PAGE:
Speaking a Different Language
I studied five years of Latin in high school and four years of German.
I can still decline the word for ‘farmer:’ acricola, agricolae, agricolam. And I can recall enough German to appreciate Indiana Jones on a deeper level.
I studied Greek and Hebrew in seminary, and I still know them well enough to venture into the Old and New Testaments like a treasure hunter armed with a few well-chosen tools.
But when it comes to speaking, when it comes to listening, I’ve never been very good at languages.
I’ve always heard how languages come easier for babies than they do for adults- their minds are like sponges, so goes the cliche. But, really, I think the difference is that no one hands out little treats when an adult finally gets the right word for ‘potty’ or ‘hungry.’
Despite my relative ambivalence about languages, on my second day of my first semester of college I decided to enroll in French class. My roommate and I were sitting in a boring Intro to English Literature course, listening to a beer-bellied, gray-haired professor recite Beowulf in Old English.
And across the hall, in the classroom opposite ours, we both noticed a twenty-something, red-haired woman standing in front of a chalk board wearing a tight leather skirt, teaching French.
We changed our schedules that afternoon.
The French teacher’s name was Isabelle, but, because of the siren-like spell she cast over my friend and I, to this day my wife refers to her as ‘Jezebel.’
My interest in French more or less began and ended with Isabelle but, once I’d enrolled, the college required me to stick it out for three additional semesters.
The good thing about French is that you can get by by approximating an accented mumble. My own accent slash mumble was a hybrid of Charles Aznavour and Detective Briscoe from Casablanca.
I passed the written exams by rote memorization, and I survived the listening comprehension tests by correctly assuming that most French conversations were about Miles Davis or American Imperialism.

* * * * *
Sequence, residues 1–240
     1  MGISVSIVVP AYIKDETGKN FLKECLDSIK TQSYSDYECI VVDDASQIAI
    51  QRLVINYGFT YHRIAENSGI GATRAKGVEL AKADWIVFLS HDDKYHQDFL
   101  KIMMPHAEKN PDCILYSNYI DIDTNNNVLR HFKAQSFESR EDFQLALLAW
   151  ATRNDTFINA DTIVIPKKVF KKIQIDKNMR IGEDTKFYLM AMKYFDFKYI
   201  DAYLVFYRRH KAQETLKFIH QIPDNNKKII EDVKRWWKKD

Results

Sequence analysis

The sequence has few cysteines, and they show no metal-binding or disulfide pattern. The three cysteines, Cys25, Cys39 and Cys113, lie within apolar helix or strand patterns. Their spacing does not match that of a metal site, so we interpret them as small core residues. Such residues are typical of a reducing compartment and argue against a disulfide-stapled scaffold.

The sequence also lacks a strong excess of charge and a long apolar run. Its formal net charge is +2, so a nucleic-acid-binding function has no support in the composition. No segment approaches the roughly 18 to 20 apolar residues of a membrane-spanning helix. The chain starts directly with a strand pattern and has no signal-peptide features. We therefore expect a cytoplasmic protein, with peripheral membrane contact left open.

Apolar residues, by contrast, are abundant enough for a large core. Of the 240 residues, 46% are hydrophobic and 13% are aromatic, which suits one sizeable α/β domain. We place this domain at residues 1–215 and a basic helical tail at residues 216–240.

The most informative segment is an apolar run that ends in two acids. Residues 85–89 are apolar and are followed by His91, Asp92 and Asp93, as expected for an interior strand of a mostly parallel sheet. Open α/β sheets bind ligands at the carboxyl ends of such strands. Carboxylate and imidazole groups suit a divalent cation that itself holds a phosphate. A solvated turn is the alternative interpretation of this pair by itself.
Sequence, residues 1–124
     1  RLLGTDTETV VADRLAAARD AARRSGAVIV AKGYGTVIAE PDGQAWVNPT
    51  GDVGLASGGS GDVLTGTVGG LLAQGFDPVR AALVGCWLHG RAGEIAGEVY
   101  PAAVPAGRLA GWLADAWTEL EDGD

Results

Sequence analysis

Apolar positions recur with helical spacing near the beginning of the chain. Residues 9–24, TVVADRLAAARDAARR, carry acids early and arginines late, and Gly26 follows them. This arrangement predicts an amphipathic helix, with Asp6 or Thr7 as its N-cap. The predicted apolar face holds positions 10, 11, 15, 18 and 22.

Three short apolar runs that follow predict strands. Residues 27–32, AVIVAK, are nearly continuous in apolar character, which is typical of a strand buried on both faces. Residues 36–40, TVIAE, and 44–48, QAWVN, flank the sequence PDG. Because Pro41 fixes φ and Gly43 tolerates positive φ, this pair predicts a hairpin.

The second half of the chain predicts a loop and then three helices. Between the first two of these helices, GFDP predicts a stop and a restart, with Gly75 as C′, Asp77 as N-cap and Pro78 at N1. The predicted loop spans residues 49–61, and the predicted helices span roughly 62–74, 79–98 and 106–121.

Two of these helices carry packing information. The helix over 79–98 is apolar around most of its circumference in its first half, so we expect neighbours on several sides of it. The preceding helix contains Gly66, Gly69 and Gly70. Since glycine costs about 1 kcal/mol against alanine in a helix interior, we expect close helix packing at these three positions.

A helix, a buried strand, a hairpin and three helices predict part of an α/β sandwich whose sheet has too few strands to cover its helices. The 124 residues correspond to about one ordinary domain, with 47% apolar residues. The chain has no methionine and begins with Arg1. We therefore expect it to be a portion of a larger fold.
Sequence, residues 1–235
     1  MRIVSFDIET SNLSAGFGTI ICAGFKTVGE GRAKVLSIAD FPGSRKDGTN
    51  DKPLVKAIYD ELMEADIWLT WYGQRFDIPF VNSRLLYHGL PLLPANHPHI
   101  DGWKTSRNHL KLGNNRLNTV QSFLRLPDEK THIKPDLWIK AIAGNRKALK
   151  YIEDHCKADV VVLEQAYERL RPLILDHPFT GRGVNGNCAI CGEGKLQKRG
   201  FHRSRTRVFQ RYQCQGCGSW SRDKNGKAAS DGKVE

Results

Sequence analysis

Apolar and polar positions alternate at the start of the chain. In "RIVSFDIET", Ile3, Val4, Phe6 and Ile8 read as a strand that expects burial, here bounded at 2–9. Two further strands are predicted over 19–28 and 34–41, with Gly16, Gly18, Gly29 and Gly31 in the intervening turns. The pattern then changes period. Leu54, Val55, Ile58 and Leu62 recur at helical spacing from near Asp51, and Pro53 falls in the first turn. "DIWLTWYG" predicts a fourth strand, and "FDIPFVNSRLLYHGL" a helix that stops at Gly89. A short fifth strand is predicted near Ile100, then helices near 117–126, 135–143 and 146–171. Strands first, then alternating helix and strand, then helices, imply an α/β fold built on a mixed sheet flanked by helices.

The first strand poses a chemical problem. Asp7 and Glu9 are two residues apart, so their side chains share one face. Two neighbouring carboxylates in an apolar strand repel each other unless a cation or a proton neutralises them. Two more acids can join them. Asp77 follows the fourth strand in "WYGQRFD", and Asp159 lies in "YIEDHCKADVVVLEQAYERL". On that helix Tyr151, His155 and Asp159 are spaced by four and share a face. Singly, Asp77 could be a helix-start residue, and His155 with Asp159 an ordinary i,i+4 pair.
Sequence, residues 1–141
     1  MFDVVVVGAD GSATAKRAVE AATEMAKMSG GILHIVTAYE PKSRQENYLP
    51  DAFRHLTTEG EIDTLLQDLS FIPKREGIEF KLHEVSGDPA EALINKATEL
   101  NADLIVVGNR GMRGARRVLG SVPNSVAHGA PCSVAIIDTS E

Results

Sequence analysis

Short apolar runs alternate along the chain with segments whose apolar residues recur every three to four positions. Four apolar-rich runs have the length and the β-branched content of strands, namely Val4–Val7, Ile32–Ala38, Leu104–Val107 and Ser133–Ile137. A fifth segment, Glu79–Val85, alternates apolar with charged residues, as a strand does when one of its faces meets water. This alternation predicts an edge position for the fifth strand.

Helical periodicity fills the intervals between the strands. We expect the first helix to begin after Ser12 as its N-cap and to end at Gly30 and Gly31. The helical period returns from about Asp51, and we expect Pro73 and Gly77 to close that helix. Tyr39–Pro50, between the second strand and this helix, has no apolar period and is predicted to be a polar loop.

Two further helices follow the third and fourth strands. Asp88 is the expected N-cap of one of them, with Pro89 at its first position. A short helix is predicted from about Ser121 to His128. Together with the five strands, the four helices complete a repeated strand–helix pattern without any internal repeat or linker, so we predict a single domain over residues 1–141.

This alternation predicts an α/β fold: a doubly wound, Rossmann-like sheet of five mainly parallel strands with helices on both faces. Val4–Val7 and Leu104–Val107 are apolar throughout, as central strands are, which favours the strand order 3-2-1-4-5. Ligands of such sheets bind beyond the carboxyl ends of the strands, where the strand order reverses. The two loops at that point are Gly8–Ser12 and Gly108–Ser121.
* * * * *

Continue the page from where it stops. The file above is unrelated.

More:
After four semesters, I ended up with an A average but the memory of Isabelle lingered longer.
Today I can recall a few French words, but when it comes to understanding, it’s all confusion for me.
And the Lord said, ‘Look, the people all have one language; this is only the beginning of what they will do.
I traveled to France a while ago to spend a week at Taize, an ecumenical monastery in the Burgundy countryside. Taize is a destination for thousands of Christian pilgrims from places scattered all over the globe.
And ‘pilgrimage’ seems an appropriate descriptor when you consider how long and trying and confusing the journey there can prove.
At the beginning of the pilgrimage I was wandering around CDG airport in Paris, trying to locate my connecting flight. The gate number printed on my boarding pass didn’t match the listings on the terminal television screen.
I made the mistake of walking up to the desk at what should’ve been my gate and asking for help.
‘I’m just wondering if I’m at the right gate’ I said. The frenchman behind the counter stared at me blankly and said ‘Oui.’
Not satisfied he’d understood me, I handed him my boarding pass and decided to speak every traveling American’s second language. I just spoke louder: I’M JUST WONDERING IF I’M AT THE RIGHT GATE.’
He looked down at my boarding pass without moving his head- sort of like those haunted house portraits where only the eyes move- and again he said ‘Oui’ even though the sign directly behind him said that particular flight would be landing in Budapest.
I sighed, feeling confused, and as I walked away and he said ‘Thank you. Have a nice day’ in rehearsed non-comprehension.
Not trusting his reassurances, I walked up to Air France’s euphemistically titled Customer Service desk and pressed my dilemma to a young frenchwoman who wore her hair in a matronly bun.
‘You’re American?’ she said in textbook English. ‘And you don’t speak French?’
When I said no she said ‘Oh’ like she was a doctor examining my MRI and had found a suspicious mass.
Then she spoke rapid French to her customer service colleagues and set them all to tittering with laughter. I had no idea what they were talking about, but I was pretty sure I knew who they were talking about.
Not understanding, I walked away confused.
And God said: Come, let us go down, and confuse their language…